This is another essential part of the formula: understanding who counts as an employee. This can differ from company to company; however, as a rule of thumb, employees include those who:
- Underwent the hiring process while being lead by a hiring manager
- Were hired on a temporary but were promoted to full-time work
- Contracted workers whose term limit is more than a year and are on the company payroll
People not included in this number are:
- External workers like contractors and consultants
- Internal transfers
- New employees from mergers and acquisitions
- Employee’s on the payroll of a third party
What Is a Good Benchmark for Cost per Hire?
Now you know how to calculate the cost per hire. But how do you know whether the resulting metric is good or bad? High or low? You need something to compare it against, and in this section, we will look at a few industries and what their average cost per hire is, and what you can expect to spend.
- $4129 (according to SHRM)
- $4000 (according to Bersin)
- $3400 (cost of an entry-level employee)
- 16% of the annual salary (cost for a 30k or less job)
- 20% of the annual salary (cost of a 75k or less job)
- Depending on the company and industry, a good average would be an amount between $3000 and $5000.
What Is a Good Benchmark for Recruiting Costs?
Recruiting costs vary depending on each firm's needs. A good approach towards recruiting costs is to start budgeting based on your cost per hire. Then, put the numbers on a spreadsheet and track them closely so that you don’t exceed them too much.
Pro Tip: Don’t worry about this too much. If higher costs mean better output, you’re making a good investment.
What Should Be Included in a Recruiting Budget?
To make a budget, you should keep in mind what you usually spend on recruiting and make a list. It might look something like this:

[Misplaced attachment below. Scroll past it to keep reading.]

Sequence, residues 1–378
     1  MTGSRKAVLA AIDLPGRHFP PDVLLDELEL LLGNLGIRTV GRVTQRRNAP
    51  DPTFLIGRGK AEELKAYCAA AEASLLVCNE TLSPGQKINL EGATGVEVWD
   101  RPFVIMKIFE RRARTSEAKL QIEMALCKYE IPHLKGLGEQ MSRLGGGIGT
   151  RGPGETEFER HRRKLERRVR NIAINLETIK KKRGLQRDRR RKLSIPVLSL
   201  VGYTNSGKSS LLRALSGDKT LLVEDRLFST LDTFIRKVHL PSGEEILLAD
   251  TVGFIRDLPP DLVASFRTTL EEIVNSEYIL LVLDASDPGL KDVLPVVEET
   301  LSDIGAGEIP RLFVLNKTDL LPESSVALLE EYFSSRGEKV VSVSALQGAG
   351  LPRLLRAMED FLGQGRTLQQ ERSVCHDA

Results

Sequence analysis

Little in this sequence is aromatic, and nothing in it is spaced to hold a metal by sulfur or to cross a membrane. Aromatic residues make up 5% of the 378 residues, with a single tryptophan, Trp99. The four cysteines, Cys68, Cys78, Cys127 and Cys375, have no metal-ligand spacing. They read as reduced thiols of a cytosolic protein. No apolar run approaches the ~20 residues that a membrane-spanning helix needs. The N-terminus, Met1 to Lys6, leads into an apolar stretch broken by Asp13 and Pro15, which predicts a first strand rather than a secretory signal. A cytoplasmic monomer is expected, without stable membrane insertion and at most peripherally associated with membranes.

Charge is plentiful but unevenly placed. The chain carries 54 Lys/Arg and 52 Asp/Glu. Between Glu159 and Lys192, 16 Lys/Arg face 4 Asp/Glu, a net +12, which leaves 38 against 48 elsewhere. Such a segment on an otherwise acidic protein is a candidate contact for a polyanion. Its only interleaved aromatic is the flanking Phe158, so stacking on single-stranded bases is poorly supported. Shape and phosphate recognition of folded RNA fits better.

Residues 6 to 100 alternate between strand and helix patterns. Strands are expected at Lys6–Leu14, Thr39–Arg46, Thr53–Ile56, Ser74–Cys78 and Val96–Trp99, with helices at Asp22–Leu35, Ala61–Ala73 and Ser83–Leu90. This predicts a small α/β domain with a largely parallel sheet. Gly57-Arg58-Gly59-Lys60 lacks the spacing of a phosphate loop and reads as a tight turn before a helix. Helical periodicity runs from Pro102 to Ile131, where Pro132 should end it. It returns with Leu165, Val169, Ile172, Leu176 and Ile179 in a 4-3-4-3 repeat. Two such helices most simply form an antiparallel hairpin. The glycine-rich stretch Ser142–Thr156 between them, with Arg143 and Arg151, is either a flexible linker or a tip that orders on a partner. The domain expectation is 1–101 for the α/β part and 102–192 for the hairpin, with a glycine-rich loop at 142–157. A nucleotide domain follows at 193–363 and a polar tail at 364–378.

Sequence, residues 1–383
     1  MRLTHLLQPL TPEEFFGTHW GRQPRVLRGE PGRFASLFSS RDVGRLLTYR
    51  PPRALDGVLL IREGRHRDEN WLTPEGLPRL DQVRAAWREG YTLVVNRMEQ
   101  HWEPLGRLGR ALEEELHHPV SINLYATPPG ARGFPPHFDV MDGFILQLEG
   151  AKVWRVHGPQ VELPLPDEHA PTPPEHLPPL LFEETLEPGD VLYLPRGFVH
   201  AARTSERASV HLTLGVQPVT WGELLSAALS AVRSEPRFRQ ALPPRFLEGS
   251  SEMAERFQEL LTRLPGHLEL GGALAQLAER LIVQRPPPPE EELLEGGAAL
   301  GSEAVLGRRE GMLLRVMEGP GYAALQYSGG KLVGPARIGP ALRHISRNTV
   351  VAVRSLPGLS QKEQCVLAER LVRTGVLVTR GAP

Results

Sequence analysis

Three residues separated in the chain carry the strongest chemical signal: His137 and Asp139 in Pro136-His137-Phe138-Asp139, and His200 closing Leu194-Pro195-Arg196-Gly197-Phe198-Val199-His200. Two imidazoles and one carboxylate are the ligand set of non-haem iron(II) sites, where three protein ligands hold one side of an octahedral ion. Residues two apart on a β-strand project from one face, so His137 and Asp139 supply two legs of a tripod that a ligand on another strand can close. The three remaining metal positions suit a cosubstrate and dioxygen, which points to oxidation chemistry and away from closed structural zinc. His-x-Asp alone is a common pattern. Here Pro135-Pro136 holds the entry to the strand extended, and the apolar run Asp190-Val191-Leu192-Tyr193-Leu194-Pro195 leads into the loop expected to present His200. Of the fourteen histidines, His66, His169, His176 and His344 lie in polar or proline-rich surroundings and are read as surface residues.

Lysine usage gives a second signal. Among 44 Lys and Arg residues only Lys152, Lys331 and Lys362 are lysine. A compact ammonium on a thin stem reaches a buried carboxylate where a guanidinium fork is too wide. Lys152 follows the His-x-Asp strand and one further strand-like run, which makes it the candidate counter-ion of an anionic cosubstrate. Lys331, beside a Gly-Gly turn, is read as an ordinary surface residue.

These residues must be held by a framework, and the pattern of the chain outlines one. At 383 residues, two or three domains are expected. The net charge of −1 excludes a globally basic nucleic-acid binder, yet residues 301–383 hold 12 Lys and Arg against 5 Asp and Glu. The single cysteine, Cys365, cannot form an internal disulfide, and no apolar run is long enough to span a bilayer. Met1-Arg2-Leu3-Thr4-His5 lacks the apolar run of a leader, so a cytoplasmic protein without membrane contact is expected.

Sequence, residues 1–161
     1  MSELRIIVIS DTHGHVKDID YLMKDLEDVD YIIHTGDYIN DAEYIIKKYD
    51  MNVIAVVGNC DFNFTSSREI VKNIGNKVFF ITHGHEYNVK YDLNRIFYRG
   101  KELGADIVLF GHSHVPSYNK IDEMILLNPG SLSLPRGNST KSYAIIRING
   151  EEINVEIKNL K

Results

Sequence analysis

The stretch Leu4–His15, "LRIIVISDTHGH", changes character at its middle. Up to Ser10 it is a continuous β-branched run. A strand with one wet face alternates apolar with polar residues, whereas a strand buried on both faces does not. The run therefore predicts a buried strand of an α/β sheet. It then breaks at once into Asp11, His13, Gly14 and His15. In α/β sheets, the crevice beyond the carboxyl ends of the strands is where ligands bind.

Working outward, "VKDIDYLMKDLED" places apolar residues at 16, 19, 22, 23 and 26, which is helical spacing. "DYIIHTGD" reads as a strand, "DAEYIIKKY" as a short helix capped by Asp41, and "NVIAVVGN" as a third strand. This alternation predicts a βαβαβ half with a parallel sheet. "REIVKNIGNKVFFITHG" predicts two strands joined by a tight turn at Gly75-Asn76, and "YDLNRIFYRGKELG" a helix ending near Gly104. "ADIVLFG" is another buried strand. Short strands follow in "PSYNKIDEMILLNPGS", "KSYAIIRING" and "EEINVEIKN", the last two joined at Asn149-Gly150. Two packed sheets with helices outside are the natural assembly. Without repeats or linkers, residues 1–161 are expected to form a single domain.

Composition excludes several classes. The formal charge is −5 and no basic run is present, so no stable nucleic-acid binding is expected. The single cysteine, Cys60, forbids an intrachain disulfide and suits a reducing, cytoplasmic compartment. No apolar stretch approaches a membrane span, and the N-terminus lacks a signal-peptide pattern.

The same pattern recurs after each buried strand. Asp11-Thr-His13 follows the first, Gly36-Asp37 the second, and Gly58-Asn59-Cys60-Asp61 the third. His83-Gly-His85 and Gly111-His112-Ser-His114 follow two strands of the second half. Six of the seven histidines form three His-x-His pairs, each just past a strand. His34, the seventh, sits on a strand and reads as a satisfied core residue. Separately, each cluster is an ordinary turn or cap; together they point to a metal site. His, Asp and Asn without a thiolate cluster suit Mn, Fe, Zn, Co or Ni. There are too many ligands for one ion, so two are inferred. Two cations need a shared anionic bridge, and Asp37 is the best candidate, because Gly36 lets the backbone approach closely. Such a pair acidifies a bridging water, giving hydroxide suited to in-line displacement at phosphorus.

- Job board fees
- Candidate assessment costs
- External recruiter expenses
- Career page costs
- Internal recruiter costs
These should give you an idea about what is included in a recruiting budget. Add anything else that your company might be spending on, as well.
How Do I Calculate My Recruiting Budget?
There are two ways of calculating your recruiting budget:
- Add your recruiting expenses from the previous year and divide that by the number of hires you made. Following this, multiply your average cost per hire by the number of hires you plan to make this year.
- Add all projected costs to get an idea of what your budget ought to be.
What Is a Good Benchmark for a Recruiting Budget?
A good benchmark for your recruiting budget would be to keep it in the same ballpark as your cost-per-hire budget. If your budget is around $4000, you should strive to keep your recruiting budget around the same figure.
However, as we said before, don’t be anxious if your costs are higher. If you keep hiring good quality people, and your growth remains consistent, know that your investments are bearing fruit.
Track Cost per Hire With Talenteria
And there we go! Not only have you learned what the cost per hire metric is, but also how to calculate it and relate it to recruiting budgets. This is a very useful skill and plays an important part in making a proper strategy for your firm. Want to keep track of all recruitment metrics with just a few clicks? Talenteria’s recruitment marketing platform makes this easy - check it out today!